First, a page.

Skip to Content

All About the Mason Bee

There are so many amazing kinds of bees; one of the most interesting types is the mason bee.

These insects have very unique characteristics and nesting habits, and they’re also great pollinators. You can provide places for them to build nests to help them out, and any flowering plants you have nearby will also benefit.

Keep reading to learn all about the incredible Mason bee and what makes them so cool!

Mason Bee,(osmia,Bicornis)

What Are Mason Bees?

Mason bees get their name from the way they build their nests. They will use mud, clay, plant material, or similar materials as though they’re building masonry.

There are many different types of mason bees worldwide and they can tolerate colder climates than many other bees. This adaptation means they can be found in areas where few species of bees are present.

Some species take about two years to reach full maturity, making them among the longest-living bees.

What Do Mason Bees Look Like?

Different types of mason bees have different physical characteristics, but you can often still identify them by sight.

These bees tend to be medium-sized bees with hairs on the thorax and abdomen. Depending on the species, they can be black, orange or yellow, and even metallic green or blue.

Unlike many other bee species that collect pollen on their legs, these bees collect pollen underneath their abdomen. The hairs on both are known as the scopa. They use static electricity to hold pollen on so the bees can pack in as much as possible while out foraging.

While mason bees do have stingers, they aren’t barbed and are relatively small. As a result, mason bee stings are not particularly painful.

Mason Bee Behavior

Mason bees are most active in the spring through to late summer while building their nests and laying eggs in them.

Mason bees are solitary, meaning they don’t live in colonies with a division of labor and large nests. Every female bee is fertile and capable of laying her eggs.

Like other solitary bees, they are known to be docile and will only sting if they feel extremely threatened, even when handled. They don’t have a hive to protect, so they aren’t usually aggressive. If they do sting, it isn’t very painful because of their smaller stingers.

How Mason Bees Nest

Since mason bees are solitary, each bee will create her own nest without help from other bees.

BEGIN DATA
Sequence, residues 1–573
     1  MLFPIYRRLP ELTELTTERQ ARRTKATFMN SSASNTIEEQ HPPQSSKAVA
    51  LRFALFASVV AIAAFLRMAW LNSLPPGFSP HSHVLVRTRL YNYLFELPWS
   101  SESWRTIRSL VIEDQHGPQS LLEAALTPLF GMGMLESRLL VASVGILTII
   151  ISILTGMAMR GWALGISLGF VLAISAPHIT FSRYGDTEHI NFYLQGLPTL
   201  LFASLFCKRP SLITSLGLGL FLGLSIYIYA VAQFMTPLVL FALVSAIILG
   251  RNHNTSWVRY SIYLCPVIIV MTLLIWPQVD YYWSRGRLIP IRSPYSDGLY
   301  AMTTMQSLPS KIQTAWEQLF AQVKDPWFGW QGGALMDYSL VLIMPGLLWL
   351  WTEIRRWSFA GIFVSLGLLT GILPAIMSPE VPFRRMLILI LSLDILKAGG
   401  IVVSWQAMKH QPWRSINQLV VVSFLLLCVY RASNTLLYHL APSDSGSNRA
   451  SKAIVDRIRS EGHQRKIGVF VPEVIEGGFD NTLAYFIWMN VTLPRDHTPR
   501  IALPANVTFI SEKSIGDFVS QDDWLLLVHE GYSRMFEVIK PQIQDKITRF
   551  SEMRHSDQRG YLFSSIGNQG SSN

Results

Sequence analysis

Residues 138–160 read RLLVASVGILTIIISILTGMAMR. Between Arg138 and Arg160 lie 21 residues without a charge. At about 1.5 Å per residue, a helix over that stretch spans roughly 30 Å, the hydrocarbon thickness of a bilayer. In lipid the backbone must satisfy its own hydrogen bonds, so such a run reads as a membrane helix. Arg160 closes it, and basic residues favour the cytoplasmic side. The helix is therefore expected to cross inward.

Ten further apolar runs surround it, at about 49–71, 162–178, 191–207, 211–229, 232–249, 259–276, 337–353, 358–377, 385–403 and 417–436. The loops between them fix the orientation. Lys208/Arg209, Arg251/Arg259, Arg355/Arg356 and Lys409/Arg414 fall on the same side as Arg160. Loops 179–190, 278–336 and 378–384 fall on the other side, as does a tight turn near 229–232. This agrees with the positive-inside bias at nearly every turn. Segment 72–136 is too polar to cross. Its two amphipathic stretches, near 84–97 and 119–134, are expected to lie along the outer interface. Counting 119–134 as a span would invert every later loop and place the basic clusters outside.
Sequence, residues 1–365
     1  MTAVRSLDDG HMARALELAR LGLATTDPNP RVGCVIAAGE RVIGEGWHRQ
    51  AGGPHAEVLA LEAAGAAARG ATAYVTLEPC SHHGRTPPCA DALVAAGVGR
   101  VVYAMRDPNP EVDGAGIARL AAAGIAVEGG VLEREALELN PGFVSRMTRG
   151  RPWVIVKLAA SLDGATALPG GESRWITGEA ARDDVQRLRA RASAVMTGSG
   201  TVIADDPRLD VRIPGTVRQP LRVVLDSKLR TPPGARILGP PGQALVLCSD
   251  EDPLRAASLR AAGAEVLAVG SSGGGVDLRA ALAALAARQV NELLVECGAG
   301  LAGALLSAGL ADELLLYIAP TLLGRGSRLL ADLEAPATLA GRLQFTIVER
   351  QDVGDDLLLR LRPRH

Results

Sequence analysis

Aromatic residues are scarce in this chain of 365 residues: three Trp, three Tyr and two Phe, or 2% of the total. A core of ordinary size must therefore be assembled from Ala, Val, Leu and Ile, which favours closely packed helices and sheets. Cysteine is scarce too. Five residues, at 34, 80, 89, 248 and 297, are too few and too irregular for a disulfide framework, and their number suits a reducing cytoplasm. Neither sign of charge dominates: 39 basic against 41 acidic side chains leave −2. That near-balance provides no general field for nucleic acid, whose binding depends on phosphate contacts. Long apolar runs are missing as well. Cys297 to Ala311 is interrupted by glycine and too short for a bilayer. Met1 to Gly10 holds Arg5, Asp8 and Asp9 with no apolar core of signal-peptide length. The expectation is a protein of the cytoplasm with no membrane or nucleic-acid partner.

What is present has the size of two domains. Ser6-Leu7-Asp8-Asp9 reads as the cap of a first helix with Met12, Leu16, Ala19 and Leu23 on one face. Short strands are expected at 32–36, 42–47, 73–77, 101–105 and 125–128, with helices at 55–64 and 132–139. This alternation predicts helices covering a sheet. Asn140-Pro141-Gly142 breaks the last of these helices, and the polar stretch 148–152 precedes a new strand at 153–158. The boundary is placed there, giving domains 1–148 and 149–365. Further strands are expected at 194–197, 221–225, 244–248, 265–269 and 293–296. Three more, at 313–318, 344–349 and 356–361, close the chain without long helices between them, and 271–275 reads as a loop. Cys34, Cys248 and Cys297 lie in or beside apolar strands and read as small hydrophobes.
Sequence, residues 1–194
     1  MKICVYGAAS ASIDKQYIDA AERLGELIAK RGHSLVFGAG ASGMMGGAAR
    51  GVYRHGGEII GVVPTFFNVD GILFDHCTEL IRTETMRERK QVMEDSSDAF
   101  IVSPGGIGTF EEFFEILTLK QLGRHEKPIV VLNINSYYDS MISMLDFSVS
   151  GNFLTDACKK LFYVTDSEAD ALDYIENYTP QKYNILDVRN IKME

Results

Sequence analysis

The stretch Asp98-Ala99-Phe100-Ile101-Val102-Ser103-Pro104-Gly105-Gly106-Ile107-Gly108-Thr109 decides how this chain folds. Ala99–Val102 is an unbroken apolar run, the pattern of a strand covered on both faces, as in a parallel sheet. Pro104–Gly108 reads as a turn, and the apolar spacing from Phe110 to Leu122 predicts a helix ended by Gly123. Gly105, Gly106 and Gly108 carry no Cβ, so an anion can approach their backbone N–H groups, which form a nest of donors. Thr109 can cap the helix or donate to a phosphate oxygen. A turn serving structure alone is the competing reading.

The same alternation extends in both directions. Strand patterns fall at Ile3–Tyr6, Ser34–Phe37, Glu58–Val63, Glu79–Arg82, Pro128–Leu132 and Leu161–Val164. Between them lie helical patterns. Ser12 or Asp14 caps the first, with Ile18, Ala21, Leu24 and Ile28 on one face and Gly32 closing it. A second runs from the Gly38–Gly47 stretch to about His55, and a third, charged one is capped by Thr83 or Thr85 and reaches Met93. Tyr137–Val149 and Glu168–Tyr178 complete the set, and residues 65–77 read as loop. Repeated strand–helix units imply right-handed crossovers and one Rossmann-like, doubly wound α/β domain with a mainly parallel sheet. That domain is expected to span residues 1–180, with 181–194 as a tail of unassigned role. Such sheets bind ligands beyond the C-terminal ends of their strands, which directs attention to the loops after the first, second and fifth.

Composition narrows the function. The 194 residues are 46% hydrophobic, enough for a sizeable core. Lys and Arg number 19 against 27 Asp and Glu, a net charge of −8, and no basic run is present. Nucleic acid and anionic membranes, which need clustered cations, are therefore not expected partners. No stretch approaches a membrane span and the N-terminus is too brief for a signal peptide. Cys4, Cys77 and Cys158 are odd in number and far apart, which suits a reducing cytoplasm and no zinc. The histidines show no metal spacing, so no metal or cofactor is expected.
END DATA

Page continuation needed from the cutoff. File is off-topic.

Female bees will seek out small cracks and crevices they can use to make their nests in. Their ideal nesting site is a hollowed-out twig, but they’ll also use enclosed spaces or abandoned nests from other insects.

Whatever they choose, it will be an existing spot and not an area they excavate themselves. When they find a suitable spot, they may augment it with mud or something similar to prepare it for eggs. They use their mandibles to chew up this material and combine it with saliva to sculpt it, then dry solid.

The mason bee will collect pollen and nectar with her nest site selected. Eventually, she will mate with several male bees. A few days after mating, the female bee will begin laying eggs.

Each egg will have its little cell with nectar and pollen for sustenance until maturity. Every cell contains one egg with pollen and nectar and is sealed. The eggs laid first will develop into females, and the eggs closest to the entrance will develop into males.

The bee will continue this process until that nest site is filled. She may then go on to find other places to build new nests.

Male bees will emerge from their cells first and typically wait around nests for the females. Once they’ve mated with a single female they will die soon afterward, having served their only purpose.

Mason Bees’ Place in the Ecosystem

A closeup of a fresh emerged male red mason bee (Osmia rufa) on a purple wallflower (Erisymum Cheir)

Mason bees are among the pollinators responsible for allowing flowering plants to reproduce.

As they visit flowers to gather nectar and pollen, they also disseminate pollen between all these flowers. This dissemination allows these plants to reproduce and is a process the entire planet relies on for life as we know it to survive.